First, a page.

Technical Name: Femoro-acetabular Impingement (FAI)
AKA Name: Hip impingement
In the normal ball and socket hip joint the smooth surfaces should move without causing pain or damage. In some individuals the ball or the socket can be shaped abnormally which can result in damage to the hip joint itself or surrounding tissues that can therefore cause pain during movement.
What is impingement?
During the development of the hip joint in some individuals the ball forms with a slight flattening resulting in a ‘bump’ at the edge of the ball and in others there is an over growth of bone at the rim of the socket. In either of these situations there is a subtle mismatch in the congruency of the ball and socket joint and results in some rubbing together of bone and tissue at the front of the hip. Surrounding the edge of the socket is a structure called the ‘labrum’ that acts like a washer to help stabilize the ball in the socket. Rubbing together of the ‘bony bump’ on this labrum can cause damage or a ‘tear’ that then generates pain and discomfort with movements of the hip.
There are two types of impingement that in some patients can co-exist:
- Cam impingement – is where there is a subtle ‘bump’ on the ball (femoral head) which results in it not moving smoothly into the socket during movement. This then can cause damage to the labrum and cartilage within the socket.
- Pincer impingement – is where there is an overgrowth of bone from the superior rim of the socket (acetabulum) that again can cause excessive pressure and damage on the labrum of the hip socket.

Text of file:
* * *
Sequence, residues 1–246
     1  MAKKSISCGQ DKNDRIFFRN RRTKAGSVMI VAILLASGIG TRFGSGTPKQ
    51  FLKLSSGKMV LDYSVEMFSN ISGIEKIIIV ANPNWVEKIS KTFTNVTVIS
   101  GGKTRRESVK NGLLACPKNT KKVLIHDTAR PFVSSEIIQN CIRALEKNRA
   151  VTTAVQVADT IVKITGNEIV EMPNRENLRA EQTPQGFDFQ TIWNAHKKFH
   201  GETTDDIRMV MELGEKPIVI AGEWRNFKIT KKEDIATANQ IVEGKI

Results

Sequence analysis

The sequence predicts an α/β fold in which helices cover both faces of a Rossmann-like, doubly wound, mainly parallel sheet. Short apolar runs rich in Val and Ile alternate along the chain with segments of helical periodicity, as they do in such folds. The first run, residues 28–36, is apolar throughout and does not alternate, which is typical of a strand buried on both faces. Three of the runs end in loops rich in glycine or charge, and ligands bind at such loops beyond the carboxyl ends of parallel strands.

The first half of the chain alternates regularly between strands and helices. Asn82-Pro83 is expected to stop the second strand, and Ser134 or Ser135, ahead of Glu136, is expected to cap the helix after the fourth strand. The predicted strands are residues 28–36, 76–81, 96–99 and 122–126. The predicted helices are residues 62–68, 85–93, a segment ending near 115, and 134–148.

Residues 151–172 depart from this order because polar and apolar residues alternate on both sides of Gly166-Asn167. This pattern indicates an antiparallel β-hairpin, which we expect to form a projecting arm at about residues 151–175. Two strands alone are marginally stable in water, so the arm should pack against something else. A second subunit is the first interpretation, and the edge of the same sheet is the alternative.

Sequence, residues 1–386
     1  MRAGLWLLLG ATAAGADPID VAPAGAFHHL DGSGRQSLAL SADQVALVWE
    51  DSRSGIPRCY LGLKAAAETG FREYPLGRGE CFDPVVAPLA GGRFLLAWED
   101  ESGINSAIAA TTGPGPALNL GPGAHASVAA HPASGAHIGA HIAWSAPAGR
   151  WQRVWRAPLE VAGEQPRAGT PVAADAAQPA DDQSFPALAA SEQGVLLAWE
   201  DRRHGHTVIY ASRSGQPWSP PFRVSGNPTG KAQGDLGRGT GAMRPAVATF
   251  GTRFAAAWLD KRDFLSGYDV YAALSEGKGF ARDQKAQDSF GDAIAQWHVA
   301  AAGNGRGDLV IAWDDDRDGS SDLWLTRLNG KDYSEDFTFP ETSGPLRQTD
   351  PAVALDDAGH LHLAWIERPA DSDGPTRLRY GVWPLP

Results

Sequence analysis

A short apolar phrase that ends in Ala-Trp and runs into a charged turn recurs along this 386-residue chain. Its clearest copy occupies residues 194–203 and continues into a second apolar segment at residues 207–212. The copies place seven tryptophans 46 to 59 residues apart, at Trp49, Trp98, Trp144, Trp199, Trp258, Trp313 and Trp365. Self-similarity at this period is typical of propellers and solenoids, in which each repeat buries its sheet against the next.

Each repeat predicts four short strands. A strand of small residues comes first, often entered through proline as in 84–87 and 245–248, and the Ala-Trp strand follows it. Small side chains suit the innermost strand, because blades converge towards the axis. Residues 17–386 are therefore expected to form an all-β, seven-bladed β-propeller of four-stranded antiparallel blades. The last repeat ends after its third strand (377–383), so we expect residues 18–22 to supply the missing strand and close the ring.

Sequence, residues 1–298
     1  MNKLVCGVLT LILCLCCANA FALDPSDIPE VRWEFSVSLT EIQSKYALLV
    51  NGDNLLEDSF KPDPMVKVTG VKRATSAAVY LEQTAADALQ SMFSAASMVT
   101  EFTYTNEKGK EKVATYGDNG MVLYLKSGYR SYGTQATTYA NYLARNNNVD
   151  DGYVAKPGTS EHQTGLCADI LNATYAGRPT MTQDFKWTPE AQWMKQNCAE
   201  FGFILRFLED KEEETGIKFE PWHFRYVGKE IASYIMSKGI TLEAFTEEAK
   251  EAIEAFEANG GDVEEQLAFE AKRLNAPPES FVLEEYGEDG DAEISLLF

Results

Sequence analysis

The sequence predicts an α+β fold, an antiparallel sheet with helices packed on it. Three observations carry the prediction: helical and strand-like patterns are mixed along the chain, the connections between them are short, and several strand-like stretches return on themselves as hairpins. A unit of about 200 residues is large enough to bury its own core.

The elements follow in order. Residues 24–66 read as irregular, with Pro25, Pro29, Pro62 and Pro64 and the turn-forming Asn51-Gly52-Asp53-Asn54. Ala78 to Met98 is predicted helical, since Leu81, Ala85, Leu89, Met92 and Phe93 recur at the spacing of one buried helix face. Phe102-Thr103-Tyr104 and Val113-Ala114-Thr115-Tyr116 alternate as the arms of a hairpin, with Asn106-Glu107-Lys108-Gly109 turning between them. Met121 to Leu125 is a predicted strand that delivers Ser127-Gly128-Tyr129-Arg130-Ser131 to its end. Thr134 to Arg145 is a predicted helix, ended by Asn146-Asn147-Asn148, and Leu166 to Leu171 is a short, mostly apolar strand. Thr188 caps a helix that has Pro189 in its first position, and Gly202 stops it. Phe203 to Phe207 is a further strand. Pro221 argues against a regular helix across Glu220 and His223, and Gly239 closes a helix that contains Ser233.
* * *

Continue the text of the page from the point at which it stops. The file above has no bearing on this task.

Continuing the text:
What are the symptoms?
Patients often describe pain at the front of the hip and in the groin especially with movements including bending (flexing) and twisting. As symptoms progress then you may find increasing difficulty in undertaking exercise such as cycling and certain swimming stokes. Some patients experience the pain when sitting for long periods of time where others find it worse when standing or twisting.
How is it diagnosed?
A detailed history is important in helping move towards the diagnosis of FAI. Investigations normally start with an X-ray of the hips to look for any abnormality of the bones around the hip joint. To investigate the soft tissue structures further it is common to then undergo an MRI scan sometimes with an injection of a dye into the hip joint to highlight the structures around the hip joint itself. The MRI scan gives much more detail about the labrum, cartilage and soft tissue structures around the hip joint.
How is it treated?
- Non-operative treatment – this approach is successful in a large number of cases that starts with oral analgesia and a targeted physiotherapy rehabilitation regime. If the symptoms persist then an injection into the hip joint can help improve things.
- Operative treatment – if non-operative treatment has failed to improve symptoms significantly then the option of keyhole (arthroscopic) surgery may be discussed with you. This is carried out through small incisions around the hip to repair or re-shape the labrum that is damaged and in some cases re-shape the bone around the femoral head (ball).
Important: this information given above is only a guideline as is not complete. For more information or to book an appointment please contact us.